Deep learning Profit & Loss
Pietro Rossi,Flavio Cocco,Giacomo Bormetti

Building the future profit and loss (P&L) distribution of a portfolio holding, among other assets, highly non-linear and path-dependent derivatives is a challenging task. We provide a simple machinery where more and more assets could be accounted for in a simple and semi-automatic fashion. We resort to a variation of the Least Square Monte Carlo algorithm where interpolation of the continuation value of the portfolio is done with a feed forward neural network. This approach has several appealing features not all of them will be fully discussed in the paper. Neural networks are extremely flexible regressors. We do not need to worry about the fact that for multi assets payoff, the exercise surface could be non connected. Neither we have to search for smart regressors. The idea is to use, regardless of the complexity of the payoff, only the underlying processes. Neural networks with many outputs can interpolate every single assets in the portfolio generated by a single Monte Carlo simulation. This is an essential feature to account for the P&L distribution of the whole portfolio when the dependence structure between the different assets is very strong like the case where one has contingent claims written on the same underlying.

DeepFolio: Convolutional Neural Networks for Portfolios with Limit Order Book Data
Aiusha Sangadiev,Rodrigo Rivera-Castro,Kirill Stepanov,Andrey Poddubny,Kirill Bubenchikov,Nikita Bekezin,Polina Pilyugina,Evgeny Burnaev

This work proposes DeepFolio, a new model for deep portfolio management based on data from limit order books (LOB). DeepFolio solves problems found in the state-of-the-art for LOB data to predict price movements. Our evaluation consists of two scenarios using a large dataset of millions of time series. The improvements deliver superior results both in cases of abundant as well as scarce data. The experiments show that DeepFolio outperforms the state-of-the-art on the benchmark FI-2010 LOB. Further, we use DeepFolio for optimal portfolio allocation of crypto-assets with rebalancing. For this purpose, we use two loss-functions - Sharpe ratio loss and minimum volatility risk. We show that DeepFolio outperforms widely used portfolio allocation techniques in the literature.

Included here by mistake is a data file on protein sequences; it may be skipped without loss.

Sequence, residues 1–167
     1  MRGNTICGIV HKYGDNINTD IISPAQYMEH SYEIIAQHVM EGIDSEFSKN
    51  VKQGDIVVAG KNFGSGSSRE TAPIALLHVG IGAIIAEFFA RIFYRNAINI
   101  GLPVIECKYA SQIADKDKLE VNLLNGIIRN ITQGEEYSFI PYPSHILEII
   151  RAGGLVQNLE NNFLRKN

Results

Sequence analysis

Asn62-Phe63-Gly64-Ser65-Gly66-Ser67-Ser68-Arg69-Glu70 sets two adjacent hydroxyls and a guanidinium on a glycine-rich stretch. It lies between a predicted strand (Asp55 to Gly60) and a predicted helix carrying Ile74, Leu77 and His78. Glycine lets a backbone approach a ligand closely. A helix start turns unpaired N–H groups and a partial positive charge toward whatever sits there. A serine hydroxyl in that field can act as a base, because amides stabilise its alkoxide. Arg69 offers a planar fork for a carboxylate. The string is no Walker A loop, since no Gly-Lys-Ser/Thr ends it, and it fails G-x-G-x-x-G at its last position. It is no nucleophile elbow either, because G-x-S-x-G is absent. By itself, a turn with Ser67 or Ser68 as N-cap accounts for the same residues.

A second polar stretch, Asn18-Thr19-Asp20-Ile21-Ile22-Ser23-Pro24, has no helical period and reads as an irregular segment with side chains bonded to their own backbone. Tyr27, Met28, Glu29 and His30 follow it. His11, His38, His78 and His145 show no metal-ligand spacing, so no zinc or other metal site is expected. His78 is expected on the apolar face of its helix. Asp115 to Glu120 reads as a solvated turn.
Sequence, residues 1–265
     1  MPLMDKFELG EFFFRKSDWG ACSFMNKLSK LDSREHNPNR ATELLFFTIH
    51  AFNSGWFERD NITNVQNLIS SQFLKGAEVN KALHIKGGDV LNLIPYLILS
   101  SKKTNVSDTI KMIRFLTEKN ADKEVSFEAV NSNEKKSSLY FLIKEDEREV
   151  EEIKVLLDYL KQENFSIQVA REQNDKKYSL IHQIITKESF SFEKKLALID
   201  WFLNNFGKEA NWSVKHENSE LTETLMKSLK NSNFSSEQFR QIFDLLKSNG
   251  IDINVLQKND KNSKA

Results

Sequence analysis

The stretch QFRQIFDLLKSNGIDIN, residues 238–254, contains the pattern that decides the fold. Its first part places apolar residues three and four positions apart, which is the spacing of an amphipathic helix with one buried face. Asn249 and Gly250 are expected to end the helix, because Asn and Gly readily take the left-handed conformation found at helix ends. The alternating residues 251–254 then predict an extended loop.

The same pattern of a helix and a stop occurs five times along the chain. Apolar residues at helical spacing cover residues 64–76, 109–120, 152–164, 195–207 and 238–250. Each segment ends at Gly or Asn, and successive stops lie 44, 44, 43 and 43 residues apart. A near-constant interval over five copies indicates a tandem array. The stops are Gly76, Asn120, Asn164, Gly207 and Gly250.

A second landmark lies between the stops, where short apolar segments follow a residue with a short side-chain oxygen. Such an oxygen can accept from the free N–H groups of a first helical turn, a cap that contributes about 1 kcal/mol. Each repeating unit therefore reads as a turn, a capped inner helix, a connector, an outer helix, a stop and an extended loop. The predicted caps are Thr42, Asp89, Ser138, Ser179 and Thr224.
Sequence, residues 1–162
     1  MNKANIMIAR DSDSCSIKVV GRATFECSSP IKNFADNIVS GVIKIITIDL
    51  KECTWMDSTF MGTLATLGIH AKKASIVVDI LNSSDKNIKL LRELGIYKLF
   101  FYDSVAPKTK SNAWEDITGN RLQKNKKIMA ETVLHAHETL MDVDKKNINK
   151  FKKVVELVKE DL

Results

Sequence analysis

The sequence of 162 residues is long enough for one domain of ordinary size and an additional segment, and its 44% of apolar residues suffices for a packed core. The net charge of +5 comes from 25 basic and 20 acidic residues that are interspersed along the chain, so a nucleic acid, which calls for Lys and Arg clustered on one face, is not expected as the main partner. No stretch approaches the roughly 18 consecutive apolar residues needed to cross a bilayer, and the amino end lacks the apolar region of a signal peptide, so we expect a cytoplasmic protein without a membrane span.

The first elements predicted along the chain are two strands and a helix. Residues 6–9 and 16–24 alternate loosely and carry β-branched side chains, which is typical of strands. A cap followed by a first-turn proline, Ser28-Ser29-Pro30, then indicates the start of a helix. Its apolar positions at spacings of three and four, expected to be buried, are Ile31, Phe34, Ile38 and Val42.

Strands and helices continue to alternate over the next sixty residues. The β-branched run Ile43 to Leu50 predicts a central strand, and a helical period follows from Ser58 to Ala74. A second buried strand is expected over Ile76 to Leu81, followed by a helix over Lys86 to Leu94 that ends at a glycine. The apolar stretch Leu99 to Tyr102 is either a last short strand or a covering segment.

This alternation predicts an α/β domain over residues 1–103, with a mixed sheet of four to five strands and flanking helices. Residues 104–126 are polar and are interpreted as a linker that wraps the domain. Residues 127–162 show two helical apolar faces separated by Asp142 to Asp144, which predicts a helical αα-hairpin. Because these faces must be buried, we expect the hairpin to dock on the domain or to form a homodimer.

Exchange-Traded Confusion: How Industry Practices Undermine Product Comparisons in Exchange Traded Funds
Clements, Ryan
Despite their incredible popularity and importance to modern capital markets, exchange traded funds (ETFs) are extremely difficult to compare side-by-side. Investors who successfully navigate the initial challenges of product choice overload, and opaque index construction methodology, soon encounter a wide array of discretionary operational, management, marketing, and financial practices of ETF sponsors that combine to undermine simple product and performance comparisons. This dilemma is compounded by disclosure effectiveness challenges given investor cognitive limitations and behavioral tendencies. This article is the first scholarly work, amongst a growing body of ETF studies, to illustrate why accurate “apples to apples” product comparisons in ETFs are so challenging (at times even impossible) to perform. It presents a variety of ETF case studies to demonstrate this challenge including recent performance instabilities in the coronavirus pandemic. It advocates for continued positive momentum around investor-focused reforms in ETFs, building on encouraging steps undertaken by the U.S. Securities & Exchange Commission in its recent “Rule 6c-11” under the Investment Company Act of 1940. It makes several recommendations to improve ETF product comparisons including standardizing website formats and layouts for information presentation, uniform calculation methodologies of key ETF variables, an ETF naming convention, and standard terms in sustainable investing. ETF investors would also greatly benefit from a systematized and structured electronic reporting mechanism whereby standardized data is provided by ETF sponsors to a centrally controlled public repository. Additional studies are warranted on strategic ETF disclosure ordering, digital enhancement, and added contextual discussion around critical concepts like arbitrage and index composition methodology. The ETF “model portfolio” industry is also an emerging concern that should be assessed, and the article provides suggestions to reduce informational opacity and improve comparative assessments.